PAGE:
MichaelA

I’m Michael Aird, a Staff Researcher at Rethink Priorities, Research Scholar at the Future of Humanity Institute, and guest manager at the Effective Altruism Infrastructure Fund. Opinions expressed are my own. You can give me anonymous feedback at this link.

With Rethink, I'm currently mostly working on nuclear risk research. I might in future work on topics related to what I'm calling "Politics, Policy, and Security from a Broad Longtermist Perspective".

Previously, I did longtermist macrostrategy research for Convergence Analysis and then for the Center on Long-Term Risk. More on my background here.

I also post to LessWrong sometimes.

If you think you or I could benefit from us talking, feel free to message me or schedule a call. For people interested in doing EA-related research/writing, testing their fit for that, "getting up to speed" on EA/longtermist topics, or writing for the Forum, I also recommend this post.

Sequences

Moral uncertainty
Risks from Nuclear Weapons
Improving the EA-aligned research pipeline

Wiki Contributions

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Comments

An estimate of the value of Metaculus questions

I think this is cool.

Maybe "Changing decisions" should be "Changing other decisions"? Since I think influencing the forecasting event occurs via influencing decisions about that event? 

List of EA funding opportunities

Yeah, I think complementing this with an Airtable would indeed be handy, and I'd be in favour of someone making such an Airtable based on this post (and then maybe giving me edit access as well, so I can help maintain it) :)

An estimate of the value of Metaculus questions

”For Metaculus, another constraint is to have questions that interest forecasters. Interestingness is necessary to build a community around forecasting that may later have a large instrumental value.”

Nitpick: I think interestingness is very helpful but not necessary. Other potential incentives to forecast include the opportunity to be impactful/helpful, status/respect on Metaculus and maybe elsewhere, Metaculus points, getting feedback that improves epistemics, sense of mastery, and money (e.g. tournament prizes).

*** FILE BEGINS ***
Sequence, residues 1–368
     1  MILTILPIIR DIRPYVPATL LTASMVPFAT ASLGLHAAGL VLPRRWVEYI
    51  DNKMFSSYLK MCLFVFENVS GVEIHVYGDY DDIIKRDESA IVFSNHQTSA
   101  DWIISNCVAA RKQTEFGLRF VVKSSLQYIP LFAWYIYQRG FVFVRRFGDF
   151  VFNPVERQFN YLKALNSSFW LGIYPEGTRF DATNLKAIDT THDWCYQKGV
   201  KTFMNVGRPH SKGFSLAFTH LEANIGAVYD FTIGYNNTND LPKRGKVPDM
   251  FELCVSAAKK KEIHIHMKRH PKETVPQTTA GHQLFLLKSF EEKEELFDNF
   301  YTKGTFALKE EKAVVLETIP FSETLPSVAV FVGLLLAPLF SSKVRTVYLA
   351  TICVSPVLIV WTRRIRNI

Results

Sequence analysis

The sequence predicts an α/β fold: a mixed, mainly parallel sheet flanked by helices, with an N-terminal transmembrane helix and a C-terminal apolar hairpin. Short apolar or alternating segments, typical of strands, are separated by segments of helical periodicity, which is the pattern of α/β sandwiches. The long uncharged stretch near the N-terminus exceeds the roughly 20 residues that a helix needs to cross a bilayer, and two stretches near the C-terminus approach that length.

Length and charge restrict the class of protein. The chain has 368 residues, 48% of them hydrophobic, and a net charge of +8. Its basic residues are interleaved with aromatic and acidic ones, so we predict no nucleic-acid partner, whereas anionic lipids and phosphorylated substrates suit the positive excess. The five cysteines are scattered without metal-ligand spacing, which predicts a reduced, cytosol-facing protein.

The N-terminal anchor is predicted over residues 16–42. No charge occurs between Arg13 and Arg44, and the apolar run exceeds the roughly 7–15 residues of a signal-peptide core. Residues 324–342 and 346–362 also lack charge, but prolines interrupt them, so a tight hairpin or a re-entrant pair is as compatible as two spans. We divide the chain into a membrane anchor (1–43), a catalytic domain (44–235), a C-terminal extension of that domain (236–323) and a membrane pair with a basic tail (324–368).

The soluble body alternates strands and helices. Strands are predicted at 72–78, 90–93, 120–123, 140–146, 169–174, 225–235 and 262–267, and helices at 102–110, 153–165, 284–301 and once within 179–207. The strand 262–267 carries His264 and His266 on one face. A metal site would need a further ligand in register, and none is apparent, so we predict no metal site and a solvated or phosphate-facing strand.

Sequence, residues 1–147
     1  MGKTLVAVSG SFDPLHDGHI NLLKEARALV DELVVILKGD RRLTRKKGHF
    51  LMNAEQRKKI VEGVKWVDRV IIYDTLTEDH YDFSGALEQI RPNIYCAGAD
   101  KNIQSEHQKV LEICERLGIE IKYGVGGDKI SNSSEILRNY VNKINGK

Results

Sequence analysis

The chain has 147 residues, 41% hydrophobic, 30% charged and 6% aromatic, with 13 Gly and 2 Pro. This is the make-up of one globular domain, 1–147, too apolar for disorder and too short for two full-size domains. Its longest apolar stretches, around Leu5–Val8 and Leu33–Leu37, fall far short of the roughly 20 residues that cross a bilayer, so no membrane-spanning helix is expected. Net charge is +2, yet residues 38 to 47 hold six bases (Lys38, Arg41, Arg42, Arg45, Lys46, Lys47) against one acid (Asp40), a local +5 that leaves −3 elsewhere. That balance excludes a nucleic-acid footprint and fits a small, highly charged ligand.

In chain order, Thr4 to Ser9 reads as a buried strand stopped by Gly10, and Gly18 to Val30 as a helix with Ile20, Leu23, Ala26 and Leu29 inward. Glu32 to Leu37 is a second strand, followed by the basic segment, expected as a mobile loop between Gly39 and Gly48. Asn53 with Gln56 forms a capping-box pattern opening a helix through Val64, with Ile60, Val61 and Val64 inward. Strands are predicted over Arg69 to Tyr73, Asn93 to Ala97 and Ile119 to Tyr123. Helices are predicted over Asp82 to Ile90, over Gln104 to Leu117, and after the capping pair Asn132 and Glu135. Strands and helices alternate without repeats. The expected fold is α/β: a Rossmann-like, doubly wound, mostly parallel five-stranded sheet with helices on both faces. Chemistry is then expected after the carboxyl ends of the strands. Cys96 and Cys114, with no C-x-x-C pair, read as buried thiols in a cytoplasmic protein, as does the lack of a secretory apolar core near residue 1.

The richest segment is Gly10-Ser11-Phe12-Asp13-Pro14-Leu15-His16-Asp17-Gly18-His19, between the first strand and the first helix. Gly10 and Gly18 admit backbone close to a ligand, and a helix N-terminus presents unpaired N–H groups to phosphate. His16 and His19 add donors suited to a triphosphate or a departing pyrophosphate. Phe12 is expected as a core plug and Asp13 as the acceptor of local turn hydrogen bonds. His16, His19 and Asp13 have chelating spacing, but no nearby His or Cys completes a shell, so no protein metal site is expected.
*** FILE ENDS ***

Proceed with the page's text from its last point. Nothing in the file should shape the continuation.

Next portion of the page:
An estimate of the value of Metaculus questions

A complementary approach to estimating the value of Metaculus questions (focusing just on decisions affects, not improving epistemics, vetting potential researchers, etc.) would be to actually ask a bunch of people whether they look at Metaculus questions, whether they think they seem decision-relevant and valuable, and whether Metaculus questions influenced their decisions. This could be similar to the impact survey Rethink does and the impact survey I did last year. See also https://forum.effectivealtruism.org/posts/EYToYzxoe2fxpwYBQ/should-surveys-about-the-quality-impact-of-research-outputs-1

I think Metaculus indeed intends to do something like this soon-ish (iirc, it was mentioned in the recent job ad for an EA Question Author).

An estimate of the value of Metaculus questions

On the other hand, we also have questions such as “Will Israel recognize Palestine by 2070?” or “When will Hong Kong stop being a Special Administrative Region of China?”. These events seem so large as to essentially be non-influenceable, and thus I’d tend to think that their Metaculus questions are not valuable [3].

Key point of this comment: It seems to me a mistake to think forecasting questions are usually useful only if it's feasible to influence whether the asked-about event happens. I think there are just many ways in which our actions can be improved by knowing more about the world's past, present, and likely future states.